As you approach the 2 Freeway onramp, Glendale Boulevard is a pretty discouraging drive. North of Montana Street, it is a corridor marked by empty lots, little-used industrial buildings and brick storefronts that have seen better days.
Yet 100 years ago, that same stretch of road was a hub of early Los Angeles movie-making. It was in 1912 that director Mack Sennett teamed up with two producers, Adam Kessel and Charles Bauman, to form the Keystone Film Company, a silent comedy factory that made stars of the heavy-set Fatty Arbuckle, diminutive spark plug Mabel Normand and a budding genius named Charlie Chaplin.
It was not long before Keystone comedy shorts — including 35 featuring Chaplin that were made in the span of a year — became known for pie throwing, high-speed chases, mustache twirling villains and clumsy Keystone Kops. Here’s a description of those days by Jeanine Basinger, from her excellent 1999 book “Silent Stars”:
By the fall of 1914, Chaplin was becoming a real star and was advertised as one of Sennett’s trio of popular comics, along with Arbuckle and Mabel: an issue of Photoplay presented a comic ‘menu’ that offered ‘Charlie Supreme, Stuffed Arbuckle, and Normand Scrambled.’
Keystone, with Sennett at the helm, was nestled in the community known as Edendale. Years would pass before that name fell out of use and the area came to be considered Echo Park. Chaplin, Normand and others left for greener pastures, but Sennett and his Mack Sennett Comedies continued to work with many other talents: cross-eyed clown Ben Turpin, budding actress Gloria Swanson, comedian Harry Langdon, eventual crooner Bing Crosby, director Frank Capra and the wise-cracking W.C. Fields, who worked with Sennett in sound comedies in the early 1930s.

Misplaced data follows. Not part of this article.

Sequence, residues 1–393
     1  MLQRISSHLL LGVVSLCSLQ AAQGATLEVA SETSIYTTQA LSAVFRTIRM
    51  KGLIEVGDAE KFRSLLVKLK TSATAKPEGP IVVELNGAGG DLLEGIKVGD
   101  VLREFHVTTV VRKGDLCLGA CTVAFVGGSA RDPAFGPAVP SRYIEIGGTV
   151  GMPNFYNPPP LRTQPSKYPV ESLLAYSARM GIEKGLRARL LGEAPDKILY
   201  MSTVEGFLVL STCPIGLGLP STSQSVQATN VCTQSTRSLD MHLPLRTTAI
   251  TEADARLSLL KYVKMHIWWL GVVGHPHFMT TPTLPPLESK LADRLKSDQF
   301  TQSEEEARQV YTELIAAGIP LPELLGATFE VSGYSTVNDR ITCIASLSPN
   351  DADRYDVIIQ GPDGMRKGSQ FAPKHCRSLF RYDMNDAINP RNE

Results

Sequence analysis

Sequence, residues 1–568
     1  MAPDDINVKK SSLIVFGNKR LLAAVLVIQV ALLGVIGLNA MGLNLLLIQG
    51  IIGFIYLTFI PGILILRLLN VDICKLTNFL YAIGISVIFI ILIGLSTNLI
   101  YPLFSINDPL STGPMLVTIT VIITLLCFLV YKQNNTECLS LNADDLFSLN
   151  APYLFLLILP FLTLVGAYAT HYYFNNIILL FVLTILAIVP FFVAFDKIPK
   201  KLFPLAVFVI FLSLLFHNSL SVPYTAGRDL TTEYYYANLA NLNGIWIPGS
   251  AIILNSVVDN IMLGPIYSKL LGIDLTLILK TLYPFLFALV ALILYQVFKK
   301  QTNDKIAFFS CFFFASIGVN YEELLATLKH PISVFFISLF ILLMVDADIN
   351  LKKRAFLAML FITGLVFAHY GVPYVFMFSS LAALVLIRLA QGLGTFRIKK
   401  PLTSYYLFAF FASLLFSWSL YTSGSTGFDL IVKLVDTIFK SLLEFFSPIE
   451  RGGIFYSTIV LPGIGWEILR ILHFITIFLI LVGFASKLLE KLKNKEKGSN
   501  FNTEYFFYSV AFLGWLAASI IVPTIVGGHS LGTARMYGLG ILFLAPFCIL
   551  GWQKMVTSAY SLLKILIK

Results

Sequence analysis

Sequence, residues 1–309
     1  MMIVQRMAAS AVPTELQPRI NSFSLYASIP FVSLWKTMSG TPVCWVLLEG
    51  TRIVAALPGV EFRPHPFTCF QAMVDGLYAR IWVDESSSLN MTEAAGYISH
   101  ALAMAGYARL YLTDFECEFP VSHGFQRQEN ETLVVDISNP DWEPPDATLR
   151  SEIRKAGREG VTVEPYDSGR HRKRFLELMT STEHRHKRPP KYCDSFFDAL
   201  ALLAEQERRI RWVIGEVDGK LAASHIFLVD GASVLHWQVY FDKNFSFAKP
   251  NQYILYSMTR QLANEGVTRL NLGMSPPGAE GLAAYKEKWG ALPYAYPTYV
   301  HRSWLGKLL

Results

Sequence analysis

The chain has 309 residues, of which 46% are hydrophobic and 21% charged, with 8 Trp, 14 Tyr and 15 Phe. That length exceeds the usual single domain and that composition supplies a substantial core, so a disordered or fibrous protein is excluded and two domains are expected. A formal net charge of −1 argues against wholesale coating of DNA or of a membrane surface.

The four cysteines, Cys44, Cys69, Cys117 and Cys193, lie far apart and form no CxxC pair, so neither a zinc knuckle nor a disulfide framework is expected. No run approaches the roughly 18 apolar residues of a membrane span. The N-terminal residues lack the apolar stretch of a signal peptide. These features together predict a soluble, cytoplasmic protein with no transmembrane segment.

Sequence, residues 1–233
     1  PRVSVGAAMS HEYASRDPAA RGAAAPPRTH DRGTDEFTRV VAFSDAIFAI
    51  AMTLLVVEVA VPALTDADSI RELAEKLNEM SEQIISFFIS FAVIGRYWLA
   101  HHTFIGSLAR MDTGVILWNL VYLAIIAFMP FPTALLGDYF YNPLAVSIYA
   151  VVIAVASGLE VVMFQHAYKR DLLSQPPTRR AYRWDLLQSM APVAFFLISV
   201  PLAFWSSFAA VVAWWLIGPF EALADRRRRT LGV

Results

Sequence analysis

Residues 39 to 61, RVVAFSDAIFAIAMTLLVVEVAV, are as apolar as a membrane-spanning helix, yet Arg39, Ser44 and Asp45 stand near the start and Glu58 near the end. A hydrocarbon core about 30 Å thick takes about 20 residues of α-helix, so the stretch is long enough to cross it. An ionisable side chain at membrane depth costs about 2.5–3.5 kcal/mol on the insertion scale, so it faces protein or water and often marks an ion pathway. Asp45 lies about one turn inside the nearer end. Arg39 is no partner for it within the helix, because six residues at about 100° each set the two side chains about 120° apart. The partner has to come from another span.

Sennett had relocated to the San Fernando Valley by 1932, the year his studio in Edendale had blown down in a storm. But in the depths of the Great Depression, his luck ran out. He was deeply leveraged and his distributor, Paramount Publix, fell into receivership in 1933, according to Simon Louvish’s “Keystone: The Life and Clowns of Mack Sennett.”
“The big studio went bankrupt and I with it,” Sennett said in his autobiography, “King of Comedy.” “I lost the studio, the mountain, the acres of land in Los Angeles — I lost the whole shebang once upon a time valued at $15,000,000.”
The Barber Shop, featuring W.C. Fields, was the last film released by Mack Sennett Productions, according to Louvish’s account. Sennett received an honorary Oscar in 1938 for his career in film — one handed to him by Capra. The following year, he did his last work in Hollywood.
One of the Sennett’s studio buildings, now used a storage facility, at 1712 Glendale Boulevard has been designated as a city historic-cultural monument.